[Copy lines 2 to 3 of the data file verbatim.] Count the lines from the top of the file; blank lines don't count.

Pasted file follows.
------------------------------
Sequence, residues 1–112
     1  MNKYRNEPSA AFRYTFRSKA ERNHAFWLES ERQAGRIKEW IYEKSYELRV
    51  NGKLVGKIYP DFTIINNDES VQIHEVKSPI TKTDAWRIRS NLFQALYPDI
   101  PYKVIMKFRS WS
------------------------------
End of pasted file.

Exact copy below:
     1  MNKYRNEPSA AFRYTFRSKA ERNHAFWLES ERQAGRIKEW IYEKSYELRV
    51  NGKLVGKIYP DFTIINNDES VQIHEVKSPI TKTDAWRIRS NLFQALYPDI